A Traverse City man is taking on a big project — hoping to create a unique living situation for veterans who decide to go back to school. He says affordable housing is hard to find, which doesn’t make the transition to civilian life any easier.
Mike Griffith was honorably discharged from the Marine Corps in 2012. But once a marine, always a marine, and now–trying to pay it forward.
“I still have own demons to face being from 100+ guys in the barracks that you would live with,” he said. “Being isolated by yourself in your own home it becomes a prison of sorts.”
But Mike has a solution so other veterans are able to make the transition to civilian life more manageable than his own.
Tackling a long-standing problem in Traverse City by making affordable housing for student veterans.
“Separating from the Marine Corps was difficult in itself was difficult,” Mike said. “It had its own set of challenges and difficulties I had to overcome and just going to school on top of that or trying to find any gig for employment just made the problem that much harder.”
He plans to house 30-60 veterans.
Mike has had blueprints drawn up and spent about $10,000 of his own money to turn the dream into reality for a deserving group.
“A veteran is anybody who — at any time in their life — took oath to our nation and willing to write a blank check payable to the United States of America up to [and] including their life if need be,” said Scott Herzberg.
Scott is the point of contact for the Northwestern Michigan College Military and Veterans Service Office – having served in the Marines himself.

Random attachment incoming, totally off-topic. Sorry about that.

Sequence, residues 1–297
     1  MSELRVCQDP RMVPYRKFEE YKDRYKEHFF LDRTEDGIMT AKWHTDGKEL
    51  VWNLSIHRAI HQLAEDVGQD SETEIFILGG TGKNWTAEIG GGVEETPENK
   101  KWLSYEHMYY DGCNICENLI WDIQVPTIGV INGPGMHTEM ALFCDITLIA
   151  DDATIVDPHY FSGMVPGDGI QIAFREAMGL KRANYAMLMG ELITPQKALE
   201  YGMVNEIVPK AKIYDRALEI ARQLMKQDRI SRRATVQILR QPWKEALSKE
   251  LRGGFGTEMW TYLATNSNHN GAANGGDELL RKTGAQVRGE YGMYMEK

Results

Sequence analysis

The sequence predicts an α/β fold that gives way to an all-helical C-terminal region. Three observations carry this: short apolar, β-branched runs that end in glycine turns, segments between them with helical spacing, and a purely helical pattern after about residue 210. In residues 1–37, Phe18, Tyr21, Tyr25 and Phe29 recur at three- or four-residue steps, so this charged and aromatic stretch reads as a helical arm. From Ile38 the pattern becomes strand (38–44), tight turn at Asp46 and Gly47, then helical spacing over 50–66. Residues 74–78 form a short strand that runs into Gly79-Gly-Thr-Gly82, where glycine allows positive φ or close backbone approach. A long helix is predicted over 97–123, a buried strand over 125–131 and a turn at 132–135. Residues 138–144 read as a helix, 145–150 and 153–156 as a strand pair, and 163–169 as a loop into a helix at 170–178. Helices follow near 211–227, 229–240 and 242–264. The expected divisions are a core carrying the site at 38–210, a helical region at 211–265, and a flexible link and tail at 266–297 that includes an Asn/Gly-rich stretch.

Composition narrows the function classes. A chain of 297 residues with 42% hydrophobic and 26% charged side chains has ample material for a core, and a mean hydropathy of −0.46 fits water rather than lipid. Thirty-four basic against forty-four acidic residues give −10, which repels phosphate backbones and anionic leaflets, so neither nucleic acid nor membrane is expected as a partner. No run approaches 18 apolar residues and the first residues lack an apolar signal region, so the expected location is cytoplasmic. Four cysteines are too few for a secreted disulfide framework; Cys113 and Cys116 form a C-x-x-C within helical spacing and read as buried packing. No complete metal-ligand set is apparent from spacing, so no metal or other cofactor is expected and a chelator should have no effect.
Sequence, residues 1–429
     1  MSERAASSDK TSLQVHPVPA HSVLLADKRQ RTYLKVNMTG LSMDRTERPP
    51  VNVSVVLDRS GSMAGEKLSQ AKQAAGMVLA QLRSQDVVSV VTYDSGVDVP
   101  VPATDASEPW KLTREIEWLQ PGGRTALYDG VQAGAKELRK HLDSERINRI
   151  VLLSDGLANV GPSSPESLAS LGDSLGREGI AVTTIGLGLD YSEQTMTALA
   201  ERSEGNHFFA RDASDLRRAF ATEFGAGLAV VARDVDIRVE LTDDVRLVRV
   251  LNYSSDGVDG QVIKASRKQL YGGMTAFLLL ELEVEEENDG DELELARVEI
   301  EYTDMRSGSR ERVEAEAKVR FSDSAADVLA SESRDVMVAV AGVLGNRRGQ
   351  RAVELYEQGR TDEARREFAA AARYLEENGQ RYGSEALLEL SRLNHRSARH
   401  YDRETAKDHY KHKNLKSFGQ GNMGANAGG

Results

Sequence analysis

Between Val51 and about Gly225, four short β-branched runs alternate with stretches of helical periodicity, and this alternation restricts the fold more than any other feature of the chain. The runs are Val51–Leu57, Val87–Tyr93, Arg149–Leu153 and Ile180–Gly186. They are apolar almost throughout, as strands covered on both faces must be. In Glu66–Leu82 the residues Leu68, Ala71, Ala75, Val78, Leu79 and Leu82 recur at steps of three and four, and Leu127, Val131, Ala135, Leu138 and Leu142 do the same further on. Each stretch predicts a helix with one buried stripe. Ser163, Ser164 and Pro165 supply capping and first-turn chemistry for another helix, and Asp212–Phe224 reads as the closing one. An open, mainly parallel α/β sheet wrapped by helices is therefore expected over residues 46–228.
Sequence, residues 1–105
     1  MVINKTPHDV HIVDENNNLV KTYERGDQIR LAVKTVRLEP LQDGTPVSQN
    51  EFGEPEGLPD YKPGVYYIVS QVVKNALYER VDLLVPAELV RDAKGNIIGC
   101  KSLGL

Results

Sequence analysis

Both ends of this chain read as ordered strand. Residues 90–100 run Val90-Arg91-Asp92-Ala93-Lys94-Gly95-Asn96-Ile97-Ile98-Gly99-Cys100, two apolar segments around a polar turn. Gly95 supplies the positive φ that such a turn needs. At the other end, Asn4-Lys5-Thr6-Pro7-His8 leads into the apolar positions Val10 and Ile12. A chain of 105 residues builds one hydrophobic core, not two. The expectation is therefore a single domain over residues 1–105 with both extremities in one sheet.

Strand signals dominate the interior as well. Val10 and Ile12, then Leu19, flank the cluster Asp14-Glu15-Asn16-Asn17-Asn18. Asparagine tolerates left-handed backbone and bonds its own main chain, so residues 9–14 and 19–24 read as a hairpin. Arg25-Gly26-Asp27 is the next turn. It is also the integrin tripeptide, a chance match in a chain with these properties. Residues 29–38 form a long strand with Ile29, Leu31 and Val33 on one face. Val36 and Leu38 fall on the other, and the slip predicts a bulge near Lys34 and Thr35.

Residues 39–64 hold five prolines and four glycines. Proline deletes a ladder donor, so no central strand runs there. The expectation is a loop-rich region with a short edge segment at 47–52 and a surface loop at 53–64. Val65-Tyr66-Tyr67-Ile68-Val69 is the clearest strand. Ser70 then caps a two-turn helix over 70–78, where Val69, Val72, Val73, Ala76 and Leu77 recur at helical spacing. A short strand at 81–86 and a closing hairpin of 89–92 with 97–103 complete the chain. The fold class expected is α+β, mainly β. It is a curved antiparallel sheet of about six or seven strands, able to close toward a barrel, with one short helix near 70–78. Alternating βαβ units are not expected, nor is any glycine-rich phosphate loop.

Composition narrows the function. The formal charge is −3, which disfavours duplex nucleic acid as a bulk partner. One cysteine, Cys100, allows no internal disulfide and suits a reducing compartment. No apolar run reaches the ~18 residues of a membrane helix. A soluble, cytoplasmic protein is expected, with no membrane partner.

Mike considers him to be one of his mentors; Scott was the first person Mike told about his new idea.
The idea has also caught some traction with classmates at Northwestern Michigan College.
“Before I even finished the word affordable they were more than happy to, or more than eager to, hear about it,” Mike said.
But — it’s a lot of work.
“It’s a commercial project," Mike said. "It’s not something one can take on their shoulders as much as I am trying."
So, he created a GoFundMe page to help raise money for this estimated $2 million project.
And hopefully he’ll be able to get back the brotherhood he says he misses so much.
“The brotherhood — I miss it myself, I miss it every day,” Mike said. “There’s a connection you can build with each other that civilians — through no fault of their own — they just don’t quite get it.”
To donate to the GoFundMe page . If you have an recommendations on property for the affordable housing, call Pat Dunlop from Real Estate One at 231-642-4466.